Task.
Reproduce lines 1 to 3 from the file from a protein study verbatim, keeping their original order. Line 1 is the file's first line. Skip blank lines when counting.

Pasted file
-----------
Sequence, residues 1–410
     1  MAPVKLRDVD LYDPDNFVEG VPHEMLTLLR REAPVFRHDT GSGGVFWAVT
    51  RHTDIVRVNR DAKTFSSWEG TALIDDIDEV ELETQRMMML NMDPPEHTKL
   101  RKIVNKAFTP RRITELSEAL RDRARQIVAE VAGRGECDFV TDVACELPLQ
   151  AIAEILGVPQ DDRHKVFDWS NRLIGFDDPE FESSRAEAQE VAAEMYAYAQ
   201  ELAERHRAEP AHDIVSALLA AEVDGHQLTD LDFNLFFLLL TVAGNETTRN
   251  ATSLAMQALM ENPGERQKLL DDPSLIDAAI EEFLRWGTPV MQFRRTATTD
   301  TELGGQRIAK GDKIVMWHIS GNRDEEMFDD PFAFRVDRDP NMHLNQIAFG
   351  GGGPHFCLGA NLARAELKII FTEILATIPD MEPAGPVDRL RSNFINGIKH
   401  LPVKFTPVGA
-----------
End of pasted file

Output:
Sequence, residues 1–410
     1  MAPVKLRDVD LYDPDNFVEG VPHEMLTLLR REAPVFRHDT GSGGVFWAVT
    51  RHTDIVRVNR DAKTFSSWEG TALIDDIDEV ELETQRMMML NMDPPEHTKL